The new neighbourhood

This pic was taken across the road from our property — the foreground trees border the lower farm land (yes, we have farm land . . . I’m still trying to wrap my urban-centric brain around that idea) and the brown hills roll up to where our house will be built, tucked away from prying eyes (and cameras!) on the roadside.

The left and right side of the land peels away into more open farm land clotted with ubiquitous herds of sheep, red deer and cows (plus the occasional cluster of flop-eared Nubian goats), and we’re hoping that the area stays as open and farm-ish as it presently is — because it’s pretty much spot-on perfect with its expansive fields, slanting sunshine and rolling vistas.

Not that anything like that can ever be forever guaranteed. People need places to live, and expansive vistas are often carved up into easily manageable and affordable plots, no matter the public outcry.

Besides, I can hardly blame anyone for wanting their own chunk of Arrowtown paradise. It’s one of the most beautiful little cities I’ve ever laid eyes on.

See? What did I tell you . . . that’s a tiny slice of view just about a ten minute’s walk from where we live. And it sits there all unassuming, as if it doesn’t even know how special it is, getting rained on and snowed on and walked past, day after day.

Comments

  • Suzanne Keller

    Majestic is the first word that springs to mind on seeing your property, Nathan. And Arrowtown looks quite charming. Am I assuming correctly that the town is only a ten-minute walk from your rustic property? That doesn’t seem possible (looking by the photos), but by your description it sounds like you are relatively close to town, so you’ve got the best of both worlds.
    Thanks for sharing your photos. I clicked through a number of them and they are gorgeous.

    • http://www.nathanbranch.com/ Nathan Branch

      Hi Suzanne — Arrowtown is, indeed, charming. That’s probably the best word to describe it. It has a lot of historic gold town buildings in the village centre, and quite a few neighbourhoods are filled with the cutest old-style houses with vintage-antique flourishes — I “ooooh” and “aaaah” regularly as I walk past them.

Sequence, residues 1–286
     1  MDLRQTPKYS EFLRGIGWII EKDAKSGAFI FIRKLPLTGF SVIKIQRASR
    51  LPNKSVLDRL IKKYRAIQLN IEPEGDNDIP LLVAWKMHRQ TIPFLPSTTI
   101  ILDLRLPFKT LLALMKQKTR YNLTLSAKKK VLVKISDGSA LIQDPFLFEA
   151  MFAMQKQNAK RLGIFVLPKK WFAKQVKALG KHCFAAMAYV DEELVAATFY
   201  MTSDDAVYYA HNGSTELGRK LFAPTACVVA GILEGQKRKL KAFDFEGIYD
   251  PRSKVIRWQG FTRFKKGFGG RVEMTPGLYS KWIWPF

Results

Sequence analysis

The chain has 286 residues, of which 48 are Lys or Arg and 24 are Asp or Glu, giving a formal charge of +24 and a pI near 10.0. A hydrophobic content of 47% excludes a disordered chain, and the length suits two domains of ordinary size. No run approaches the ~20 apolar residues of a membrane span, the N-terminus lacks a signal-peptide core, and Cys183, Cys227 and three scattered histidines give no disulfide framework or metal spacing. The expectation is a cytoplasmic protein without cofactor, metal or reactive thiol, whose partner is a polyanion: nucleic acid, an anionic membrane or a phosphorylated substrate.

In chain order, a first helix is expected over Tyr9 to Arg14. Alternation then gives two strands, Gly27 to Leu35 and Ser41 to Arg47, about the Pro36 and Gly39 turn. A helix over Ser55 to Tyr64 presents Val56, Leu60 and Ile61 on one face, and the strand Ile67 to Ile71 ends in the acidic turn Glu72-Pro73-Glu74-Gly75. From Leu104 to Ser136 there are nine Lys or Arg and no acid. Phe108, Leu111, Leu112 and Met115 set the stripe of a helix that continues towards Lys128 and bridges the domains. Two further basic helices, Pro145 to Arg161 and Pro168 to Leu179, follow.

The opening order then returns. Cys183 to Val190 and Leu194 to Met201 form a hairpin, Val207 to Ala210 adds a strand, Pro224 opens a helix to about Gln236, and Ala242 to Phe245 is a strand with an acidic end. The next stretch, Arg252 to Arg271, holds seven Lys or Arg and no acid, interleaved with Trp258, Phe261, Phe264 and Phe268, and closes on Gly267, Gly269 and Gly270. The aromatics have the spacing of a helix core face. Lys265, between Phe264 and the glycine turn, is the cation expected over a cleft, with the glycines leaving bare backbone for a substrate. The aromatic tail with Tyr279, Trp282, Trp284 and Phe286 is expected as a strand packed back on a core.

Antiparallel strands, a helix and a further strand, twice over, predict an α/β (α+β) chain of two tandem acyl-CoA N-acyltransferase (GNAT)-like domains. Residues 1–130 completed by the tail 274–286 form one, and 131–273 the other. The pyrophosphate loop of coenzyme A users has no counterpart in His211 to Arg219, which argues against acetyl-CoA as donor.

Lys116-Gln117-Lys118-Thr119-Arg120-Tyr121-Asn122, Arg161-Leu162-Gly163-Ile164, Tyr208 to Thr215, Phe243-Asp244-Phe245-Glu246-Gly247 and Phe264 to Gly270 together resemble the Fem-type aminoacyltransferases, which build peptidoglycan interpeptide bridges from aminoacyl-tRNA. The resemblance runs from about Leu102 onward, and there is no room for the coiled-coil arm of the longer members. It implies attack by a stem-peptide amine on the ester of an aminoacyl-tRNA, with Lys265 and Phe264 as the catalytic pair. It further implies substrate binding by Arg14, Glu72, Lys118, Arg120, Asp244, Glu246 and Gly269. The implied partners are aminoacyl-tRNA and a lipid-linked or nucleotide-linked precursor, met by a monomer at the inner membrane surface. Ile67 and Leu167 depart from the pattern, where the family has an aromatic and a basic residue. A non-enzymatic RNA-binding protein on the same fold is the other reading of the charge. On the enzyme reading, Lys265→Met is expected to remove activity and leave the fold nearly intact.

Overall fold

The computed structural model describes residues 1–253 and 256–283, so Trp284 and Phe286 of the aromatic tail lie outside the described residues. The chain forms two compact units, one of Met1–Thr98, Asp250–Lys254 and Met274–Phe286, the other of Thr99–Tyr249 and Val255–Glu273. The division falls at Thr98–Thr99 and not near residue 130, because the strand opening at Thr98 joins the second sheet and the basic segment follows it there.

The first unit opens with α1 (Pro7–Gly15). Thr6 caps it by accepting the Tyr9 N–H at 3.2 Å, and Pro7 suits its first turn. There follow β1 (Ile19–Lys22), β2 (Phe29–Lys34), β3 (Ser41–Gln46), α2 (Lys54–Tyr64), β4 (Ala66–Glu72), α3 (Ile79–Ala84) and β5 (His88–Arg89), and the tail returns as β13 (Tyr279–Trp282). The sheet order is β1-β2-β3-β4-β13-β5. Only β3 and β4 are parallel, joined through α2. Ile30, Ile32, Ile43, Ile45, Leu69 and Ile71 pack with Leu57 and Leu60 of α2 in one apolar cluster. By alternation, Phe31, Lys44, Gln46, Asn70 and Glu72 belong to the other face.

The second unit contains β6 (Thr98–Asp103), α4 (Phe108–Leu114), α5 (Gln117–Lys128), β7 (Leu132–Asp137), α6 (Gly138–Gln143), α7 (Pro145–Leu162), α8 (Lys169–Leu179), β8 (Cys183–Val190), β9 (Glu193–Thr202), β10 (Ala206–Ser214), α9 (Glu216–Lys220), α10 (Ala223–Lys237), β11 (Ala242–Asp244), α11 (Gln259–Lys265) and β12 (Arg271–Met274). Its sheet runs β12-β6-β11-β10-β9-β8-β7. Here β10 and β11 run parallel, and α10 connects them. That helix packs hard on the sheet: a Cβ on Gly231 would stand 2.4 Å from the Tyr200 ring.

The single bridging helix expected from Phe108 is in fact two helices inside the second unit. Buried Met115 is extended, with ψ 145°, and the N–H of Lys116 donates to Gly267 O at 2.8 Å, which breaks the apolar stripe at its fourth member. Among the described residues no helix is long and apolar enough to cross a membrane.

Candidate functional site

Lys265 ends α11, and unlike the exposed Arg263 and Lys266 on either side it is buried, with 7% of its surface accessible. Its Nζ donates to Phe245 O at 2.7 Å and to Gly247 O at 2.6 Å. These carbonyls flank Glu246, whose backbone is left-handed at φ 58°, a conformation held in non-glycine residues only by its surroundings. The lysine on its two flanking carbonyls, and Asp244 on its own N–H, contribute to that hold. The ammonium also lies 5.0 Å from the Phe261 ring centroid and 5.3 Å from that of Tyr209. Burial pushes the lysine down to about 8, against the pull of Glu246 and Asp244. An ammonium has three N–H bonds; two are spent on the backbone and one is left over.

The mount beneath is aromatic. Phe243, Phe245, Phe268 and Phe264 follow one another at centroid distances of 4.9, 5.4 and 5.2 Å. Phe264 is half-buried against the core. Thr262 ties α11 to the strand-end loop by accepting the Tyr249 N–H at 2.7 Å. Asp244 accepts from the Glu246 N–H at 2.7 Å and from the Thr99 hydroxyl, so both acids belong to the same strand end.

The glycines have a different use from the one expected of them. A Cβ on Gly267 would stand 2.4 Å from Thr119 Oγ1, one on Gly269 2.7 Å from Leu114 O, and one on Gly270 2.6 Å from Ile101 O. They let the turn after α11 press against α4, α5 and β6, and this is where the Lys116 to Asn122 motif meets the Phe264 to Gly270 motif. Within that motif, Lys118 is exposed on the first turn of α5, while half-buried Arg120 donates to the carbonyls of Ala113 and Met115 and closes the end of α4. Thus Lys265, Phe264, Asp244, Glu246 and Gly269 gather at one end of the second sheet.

Once the foliage starts coming back on the trees, I’ll take some pictures of the houses. They’re *adorable*, and rarely come up for sale. Arrowtown is deceptively humble as far as real estate is concerned — but building permits are tightly regulated and no one moves out once they move in.

      It’s really just a small New Zealand town, but the aesthetics are so great (both manmade and natural) that it’s become a hot-spot for bus loads of travellers on photo-tours, especially in the spring and fall seasons.

      From our property, getting into Arrowtown central will be a quick drive by car, but likely a good 40 (plus) minutes if I’m on foot. There’s no “as the crow flies” route to get there, so I have to follow some windy roads and/or biking trails to arrive at my destination.

      The place we’re presently renting while our house is being designed/built is even closer to Arrowtown than our land, and it takes me a good twenty-five minutes to hoof it from there, so adding another fifteen to twenty minutes from our own property sounds about right.

      On a gorgeous day, it’ll be a breeze. On a cold, rainy day, it’ll be a little more work. But still . . . Arrowtown never loses its beauty, even on cold rainy days. I’m just a little more wet and bedraggled as I “ooooh” and “aaaah” my way along . . .